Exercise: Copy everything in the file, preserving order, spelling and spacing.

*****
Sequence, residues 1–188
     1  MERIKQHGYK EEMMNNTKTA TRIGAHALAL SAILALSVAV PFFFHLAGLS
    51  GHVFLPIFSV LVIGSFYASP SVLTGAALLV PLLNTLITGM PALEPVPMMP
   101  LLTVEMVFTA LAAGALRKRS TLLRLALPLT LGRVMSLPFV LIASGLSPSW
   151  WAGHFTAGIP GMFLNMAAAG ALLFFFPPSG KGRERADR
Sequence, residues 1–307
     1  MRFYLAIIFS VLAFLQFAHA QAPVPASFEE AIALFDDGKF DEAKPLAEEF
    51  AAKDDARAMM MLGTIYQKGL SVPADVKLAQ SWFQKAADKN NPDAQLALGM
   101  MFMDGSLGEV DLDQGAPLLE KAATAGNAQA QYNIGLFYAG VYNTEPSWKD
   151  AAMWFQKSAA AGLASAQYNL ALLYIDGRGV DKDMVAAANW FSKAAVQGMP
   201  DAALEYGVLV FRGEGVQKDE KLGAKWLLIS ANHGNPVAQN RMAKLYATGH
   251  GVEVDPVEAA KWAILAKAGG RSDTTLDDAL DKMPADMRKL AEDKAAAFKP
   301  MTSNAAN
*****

Sequence, residues 1–188
     1  MERIKQHGYK EEMMNNTKTA TRIGAHALAL SAILALSVAV PFFFHLAGLS
    51  GHVFLPIFSV LVIGSFYASP SVLTGAALLV PLLNTLITGM PALEPVPMMP
   101  LLTVEMVFTA LAAGALRKRS TLLRLALPLT LGRVMSLPFV LIASGLSPSW
   151  WAGHFTAGIP GMFLNMAAAG ALLFFFPPSG KGRERADR
Sequence, residues 1–307
     1  MRFYLAIIFS VLAFLQFAHA QAPVPASFEE AIALFDDGKF DEAKPLAEEF
    51  AAKDDARAMM MLGTIYQKGL SVPADVKLAQ SWFQKAADKN NPDAQLALGM
   101  MFMDGSLGEV DLDQGAPLLE KAATAGNAQA QYNIGLFYAG VYNTEPSWKD
   151  AAMWFQKSAA AGLASAQYNL ALLYIDGRGV DKDMVAAANW FSKAAVQGMP
   201  DAALEYGVLV FRGEGVQKDE KLGAKWLLIS ANHGNPVAQN RMAKLYATGH
   251  GVEVDPVEAA KWAILAKAGG RSDTTLDDAL DKMPADMRKL AEDKAAAFKP
   301  MTSNAAN